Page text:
In light of this standard of review, we affirm the Commission's final decision. The ALJ's factual findings, which the Commission adopted, were fully supported by substantial credible evidence at the hearing. Public safety concerns are a legitimate issue to consider in addressing the propriety of sanctions against police officers.

Furthermore, we agree that the forty-five day rule was not violated. The forty-five-day period only begins to run from "the date on which the [official] filing the complaint obtained sufficient information to file the matter upon which the complaint is based." N.J.S.A. 40A:14-147. The record supports the ALJ's determination -- adopted by the Commission -- that Messina did "not establish when [Detective Lieutenant] Thomas had information sufficient to file the complaint." Finally, we note that N.J.S.A. 40A:14-147 applies only to charges based upon the City's internal rules and regulations. Messina was charged with both internal violations and violations under N.J.A.C. 4A:2-2.3(a)(6), which is a statewide regulation adopted pursuant to the Commission's authority pursuant to N.J.S.A. 11A:2-20. Consequently, even if the charges under the internal rules and regulations had been untimely, the charges under N.J.A.C. 4A:2-2.3(a)(6), which were essentially the same, would not have been similarly barred. See McElwee v. Bor. of Fieldsboro, 400 N.J. Super. 388, 394 (App. Div. 2008).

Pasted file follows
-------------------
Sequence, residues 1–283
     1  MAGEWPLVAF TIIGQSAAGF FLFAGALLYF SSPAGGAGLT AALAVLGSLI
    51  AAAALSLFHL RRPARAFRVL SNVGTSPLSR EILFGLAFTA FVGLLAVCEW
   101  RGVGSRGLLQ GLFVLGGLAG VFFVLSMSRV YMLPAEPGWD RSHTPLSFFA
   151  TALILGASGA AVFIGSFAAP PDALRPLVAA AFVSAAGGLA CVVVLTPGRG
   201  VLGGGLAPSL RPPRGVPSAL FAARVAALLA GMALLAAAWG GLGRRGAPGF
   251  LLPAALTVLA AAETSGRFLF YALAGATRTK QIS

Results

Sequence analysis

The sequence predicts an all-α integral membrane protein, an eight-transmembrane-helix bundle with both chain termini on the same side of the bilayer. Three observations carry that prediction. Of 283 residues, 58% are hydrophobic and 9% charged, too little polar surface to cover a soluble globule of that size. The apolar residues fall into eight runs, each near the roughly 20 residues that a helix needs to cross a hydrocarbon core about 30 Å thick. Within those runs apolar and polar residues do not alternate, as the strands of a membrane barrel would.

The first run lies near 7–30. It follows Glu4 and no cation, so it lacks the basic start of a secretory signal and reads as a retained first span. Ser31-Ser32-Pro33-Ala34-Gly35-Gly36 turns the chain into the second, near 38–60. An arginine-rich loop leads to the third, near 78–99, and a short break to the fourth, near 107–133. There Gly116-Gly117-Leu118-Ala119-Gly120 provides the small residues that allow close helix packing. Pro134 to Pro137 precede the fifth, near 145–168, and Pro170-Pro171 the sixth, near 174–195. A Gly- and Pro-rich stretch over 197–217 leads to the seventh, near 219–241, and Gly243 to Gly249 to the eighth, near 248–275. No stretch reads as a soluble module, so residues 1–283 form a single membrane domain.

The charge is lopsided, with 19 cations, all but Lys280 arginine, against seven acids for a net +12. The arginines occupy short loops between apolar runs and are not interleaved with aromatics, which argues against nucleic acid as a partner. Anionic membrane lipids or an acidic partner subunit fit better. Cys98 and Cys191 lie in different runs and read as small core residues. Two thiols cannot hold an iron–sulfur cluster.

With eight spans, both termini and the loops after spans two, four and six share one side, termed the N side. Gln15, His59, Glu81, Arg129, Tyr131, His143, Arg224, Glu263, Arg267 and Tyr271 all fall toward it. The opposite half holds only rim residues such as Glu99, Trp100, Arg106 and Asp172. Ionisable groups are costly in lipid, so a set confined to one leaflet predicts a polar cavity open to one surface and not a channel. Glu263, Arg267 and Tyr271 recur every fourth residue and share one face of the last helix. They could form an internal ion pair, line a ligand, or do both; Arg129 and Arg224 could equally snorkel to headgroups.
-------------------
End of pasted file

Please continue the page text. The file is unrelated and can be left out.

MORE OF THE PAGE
In sum, the Commission's decision has not been shown to be arbitrary, capricious, or contrary to applicable law. Consequently, we have no basis to set it aside.

Affirmed.